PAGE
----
May 2, 2012
Fallout of Bin Laden Raid: Aid Groups in Are Suspect Pakistan
By DECLAN WALSH
Picked up by Pakistani intelligence agents days after the Bin Laden raid a year ago and now in secret detention, the doctor, Shakil Afridi, has embodied the tensions between
Beyond hard feelings and talk, however, his case has had a much wider effect: It has also roiled the humanitarian community in
Hardest hit is Save the Children, the largest international aid agency in
Dr. Afridi has told interrogators for the top Pakistani military intelligence agency, the ISI, that he was introduced to the C.I.A. through Save the Children, according to Pakistani officials and Western aid workers. Save the Children vigorously denies the claim, saying it has been made a scapegoat by a desperate man who, according to senior American officials, has been tortured in Pakistani custody. Nevertheless his claims have had a stark impact on an organization that says it spent $105 million last year helping seven million Pakistanis, most of them women and children.
Senior managers have been forbidden from leaving the country, other staff members have been refused visas, and aid supplies have been blocked by customs officials, depriving an estimated 35,000 infants of medical care over a three-month period. Pakistani intelligence has monitored the phone calls and residences of Save the Children staff.
Other aid groups complain of problems, too, largely at the hands of Pakistani officials convinced that their employees could be spies. To them, the affair sheds new light on a murky practice that they say should never take place: the recruitment of aid workers as intelligence operatives in a sensitive country like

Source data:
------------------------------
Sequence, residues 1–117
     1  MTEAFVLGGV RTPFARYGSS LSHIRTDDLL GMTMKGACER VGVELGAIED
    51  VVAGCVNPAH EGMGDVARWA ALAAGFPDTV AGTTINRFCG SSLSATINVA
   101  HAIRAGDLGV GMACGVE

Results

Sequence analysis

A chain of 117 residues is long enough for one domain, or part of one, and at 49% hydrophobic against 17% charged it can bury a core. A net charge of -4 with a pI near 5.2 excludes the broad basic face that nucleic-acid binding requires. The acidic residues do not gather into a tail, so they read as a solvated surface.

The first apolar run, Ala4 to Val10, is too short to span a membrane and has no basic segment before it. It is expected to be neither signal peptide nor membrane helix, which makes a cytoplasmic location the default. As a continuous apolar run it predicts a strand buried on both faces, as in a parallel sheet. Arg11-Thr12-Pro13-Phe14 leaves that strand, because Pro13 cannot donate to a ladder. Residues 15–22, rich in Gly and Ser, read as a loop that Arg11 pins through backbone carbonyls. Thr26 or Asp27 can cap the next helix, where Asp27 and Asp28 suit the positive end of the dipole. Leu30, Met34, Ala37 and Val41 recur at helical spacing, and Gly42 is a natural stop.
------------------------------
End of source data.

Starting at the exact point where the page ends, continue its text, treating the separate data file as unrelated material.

“The C.I.A. needs to answer for this,” said David Wright, the country manager for Save the Children, who has not left
In some ways, Dr. Afridi, 48, was a textbook subject for intelligence operators looking to hire a pair of eyes in
But Dr. Afridi had a reputation for hustling as well as healing, and he faced multiple allegations of corruption and professional malpractice, according to officials, colleagues and government papers seen by The New York Times.
At his private practice, several patients claimed he performed improper operations to make extra money, prompting a local warlord named Mangal Bagh to detain him for a week in 2008 until he paid a fine of $11,100. In June 2010, 11 months before the Bin Laden raid, a female nurse filed a sexual harassment complaint that caused him to lose his job for six months.
The C.I.A. saw Dr. Afridi differently. He was a “dedicated medical professional who had made a career of providing health care, especially vaccinations, to women and children,” said a senior American official with knowledge of his case. He was recruited “several years” ago, the official said, with instructions to collect information about Bin Laden’s network in the Federally Administered Tribal Areas, as his home region is officially known.
“Dr. Afridi was asked only to continue his program — providing health care and vaccinations in the FATA and elsewhere, and to let us know if he saw Al Qaeda when he was there,” the official said.
Dr. Afridi’s mission in Abbottabad, however, was different: he was asked to set up a hepatitis B vaccination scheme that would enable him to take blood samples from the inhabitants of Bin Laden’s sprawling, three-story house, providing DNA evidence the C.I.A. could use to prove he was there. But Dr. Afridi was not told the identity of his target, the official said.
In between vaccination rounds, Pakistani intelligence said, Mr. Afridi would smuggle himself into the American Embassy in
Ultimately, though, Mr. Afridi failed to establish Bin Laden’s presence in Abbottabad or gather useful DNA — his main achievement was to establish cellphone contact with Abu Ahmed al-Kuwaiti, the “courier” who guarded Bin Laden.